We Are Open! - A Response to COVID-19 from MR Direct

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To our loyal customers:

We hope this message reaches you and your family in safe conditions amid the health concerns affecting our communities.

We are open and our orders are shipping but during this time please allow extra time for your projects. We want to make sure we take the proper steps to ensure the health and safety of our customers and team members. Because of this we cannot currently guarantee the shipping time displayed by our shipping calculator from all of our distribution centers at this time. Please allow a grace period of 2-4 days and plan your projects accordingly. When your order ships you will receive tracking.

We apologize for any inconvenience and appreciate your patience and understanding. If you have any questions or concerns, please contact us for further assistance.

Best regards,

The MR Direct Team


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Why Is My Faucet Running So Slow?
August 10, 2018

Low water pressure can be a real nuisance. Filling a pot with water can feel like you’re filling the tub, and filling the tub can make you think twice about even bothering. There are numerous causes of low pressure, so it’s best to approach solutions systematically from the easiest to the most difficult.

First, check every faucet throughout the house. Determine if the problem is widespread or contained to just one fixture. A one faucet problem is usually the simplest to fix.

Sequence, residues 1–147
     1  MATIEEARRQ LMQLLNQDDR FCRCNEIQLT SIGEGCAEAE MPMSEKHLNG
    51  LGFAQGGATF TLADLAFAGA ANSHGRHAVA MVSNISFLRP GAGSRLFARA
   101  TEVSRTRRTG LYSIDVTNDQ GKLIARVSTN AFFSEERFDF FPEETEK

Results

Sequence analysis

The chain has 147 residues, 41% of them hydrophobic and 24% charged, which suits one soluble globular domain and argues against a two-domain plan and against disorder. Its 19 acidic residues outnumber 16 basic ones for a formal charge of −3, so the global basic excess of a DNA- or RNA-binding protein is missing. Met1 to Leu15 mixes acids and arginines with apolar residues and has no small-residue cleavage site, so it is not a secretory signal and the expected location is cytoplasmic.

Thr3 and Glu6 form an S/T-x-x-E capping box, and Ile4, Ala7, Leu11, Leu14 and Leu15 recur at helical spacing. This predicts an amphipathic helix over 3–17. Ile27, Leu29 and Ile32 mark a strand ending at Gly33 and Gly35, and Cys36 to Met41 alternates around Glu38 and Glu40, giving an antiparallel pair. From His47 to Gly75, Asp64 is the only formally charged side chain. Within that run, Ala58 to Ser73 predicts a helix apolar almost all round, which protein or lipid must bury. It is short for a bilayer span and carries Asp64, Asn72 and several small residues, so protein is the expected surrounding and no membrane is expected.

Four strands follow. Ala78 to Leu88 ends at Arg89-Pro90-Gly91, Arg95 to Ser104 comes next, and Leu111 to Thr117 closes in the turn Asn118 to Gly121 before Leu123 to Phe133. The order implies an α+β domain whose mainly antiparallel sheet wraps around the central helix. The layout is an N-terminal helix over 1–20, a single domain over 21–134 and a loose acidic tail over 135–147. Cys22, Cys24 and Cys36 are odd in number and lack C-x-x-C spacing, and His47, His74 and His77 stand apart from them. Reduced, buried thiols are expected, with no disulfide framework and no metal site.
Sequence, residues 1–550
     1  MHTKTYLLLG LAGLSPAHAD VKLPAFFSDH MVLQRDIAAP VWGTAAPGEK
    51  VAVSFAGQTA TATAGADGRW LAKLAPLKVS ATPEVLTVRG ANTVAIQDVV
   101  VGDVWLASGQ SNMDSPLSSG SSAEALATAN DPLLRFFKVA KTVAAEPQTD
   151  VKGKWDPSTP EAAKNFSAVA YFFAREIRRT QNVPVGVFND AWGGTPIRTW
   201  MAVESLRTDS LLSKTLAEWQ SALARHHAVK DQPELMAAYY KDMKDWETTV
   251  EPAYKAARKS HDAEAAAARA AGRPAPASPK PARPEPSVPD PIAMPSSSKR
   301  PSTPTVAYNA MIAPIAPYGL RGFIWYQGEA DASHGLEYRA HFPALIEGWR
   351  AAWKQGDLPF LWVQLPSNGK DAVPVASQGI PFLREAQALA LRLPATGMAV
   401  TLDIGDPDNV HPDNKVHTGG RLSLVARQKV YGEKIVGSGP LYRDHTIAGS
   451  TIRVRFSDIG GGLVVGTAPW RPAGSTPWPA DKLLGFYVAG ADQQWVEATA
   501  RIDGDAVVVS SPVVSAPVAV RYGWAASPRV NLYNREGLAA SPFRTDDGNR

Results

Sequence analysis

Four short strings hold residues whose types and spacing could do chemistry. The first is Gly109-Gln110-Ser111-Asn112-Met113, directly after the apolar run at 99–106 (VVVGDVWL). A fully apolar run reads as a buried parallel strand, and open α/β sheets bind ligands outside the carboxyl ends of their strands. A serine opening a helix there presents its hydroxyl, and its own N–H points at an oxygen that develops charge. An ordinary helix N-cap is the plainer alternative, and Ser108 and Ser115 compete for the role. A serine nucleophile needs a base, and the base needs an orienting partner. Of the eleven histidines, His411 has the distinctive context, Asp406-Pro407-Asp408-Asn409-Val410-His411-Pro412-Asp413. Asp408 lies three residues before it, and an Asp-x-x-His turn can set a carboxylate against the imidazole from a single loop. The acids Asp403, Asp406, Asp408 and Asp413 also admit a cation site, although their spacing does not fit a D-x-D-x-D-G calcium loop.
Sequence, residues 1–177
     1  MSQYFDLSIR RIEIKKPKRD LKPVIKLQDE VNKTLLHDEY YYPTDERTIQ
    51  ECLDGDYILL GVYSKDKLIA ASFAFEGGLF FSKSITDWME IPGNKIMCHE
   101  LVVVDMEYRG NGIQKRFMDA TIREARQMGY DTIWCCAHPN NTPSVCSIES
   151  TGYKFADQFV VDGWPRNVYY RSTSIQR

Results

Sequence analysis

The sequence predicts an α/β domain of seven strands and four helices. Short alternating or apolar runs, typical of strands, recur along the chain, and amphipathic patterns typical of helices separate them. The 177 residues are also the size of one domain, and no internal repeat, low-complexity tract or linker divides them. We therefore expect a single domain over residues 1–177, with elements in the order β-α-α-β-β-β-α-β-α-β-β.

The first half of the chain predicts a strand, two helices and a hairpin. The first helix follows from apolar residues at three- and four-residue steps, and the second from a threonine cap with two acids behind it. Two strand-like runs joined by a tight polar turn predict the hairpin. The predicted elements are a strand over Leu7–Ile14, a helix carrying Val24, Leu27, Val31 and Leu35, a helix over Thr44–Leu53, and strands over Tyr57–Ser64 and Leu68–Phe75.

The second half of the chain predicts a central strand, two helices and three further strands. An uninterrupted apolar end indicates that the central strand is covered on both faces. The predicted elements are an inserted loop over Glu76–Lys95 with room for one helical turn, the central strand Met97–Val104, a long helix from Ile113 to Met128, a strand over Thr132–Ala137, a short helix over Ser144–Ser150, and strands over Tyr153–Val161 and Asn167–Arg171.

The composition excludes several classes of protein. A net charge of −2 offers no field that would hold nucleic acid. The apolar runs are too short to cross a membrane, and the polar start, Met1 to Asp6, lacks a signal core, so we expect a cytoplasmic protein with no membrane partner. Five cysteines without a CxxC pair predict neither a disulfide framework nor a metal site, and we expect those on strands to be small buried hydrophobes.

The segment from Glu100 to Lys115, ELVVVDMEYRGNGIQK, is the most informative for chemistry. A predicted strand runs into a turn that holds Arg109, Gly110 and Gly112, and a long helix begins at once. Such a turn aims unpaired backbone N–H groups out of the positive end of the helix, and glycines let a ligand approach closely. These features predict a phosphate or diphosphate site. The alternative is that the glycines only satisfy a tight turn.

Most likely, the aerator is clogged. Unscrew the nozzle and check for a broken or misaligned washer. Next you’ll likely see mineral crumbles and debris collected at the screen. Rinse it all off. If it’s hardened on, soak in vinegar for a bit or buy a replacement assembly. (They’re very inexpensive.)

If that doesn’t increase the flow, make sure the water valves under the sink are fully opened. You’d be surprised at how often these are partially closed. Still no luck? Turn off the water and disconnect the supply lines. Flush them out noting any blockages. Reconnect. Still low pressure? Well, if your faucet is elderly, try installing a new one. Note too, that if it’s only the hot water that is still slow, it may be a water tank issue, as sediment in older tanks can create a blockage.

If all these efforts didn’t increase the flow, either the pipes leading to the faucet are plugged, or they’ve corroded and are leaking somewhere along their path. Either problem requires a plumber.

If the water is slow throughout the house, the fixes are a little different. First double check the main water valves, the ones by the meter. There’s a chance that they’re not fully opened, and if they are old and sticking, there could be build up right there blocking water flow. Gently twist the handles back and forth and it may dislodge any debris.

Next, if your home has one, have a plumber check the pressure regulator. This bell-shaped device can deteriorate over time and cause a sudden drop or spike in pressure.

If none of the above efforts takes care of the problem, then unfortunately we’ve come to the worst case scenario. The pipes must be very clogged, or they’re leaking in places that aren’t obvious. You can’t just ream these pipes clean nor patch them; they must be replaced by a professional plumber.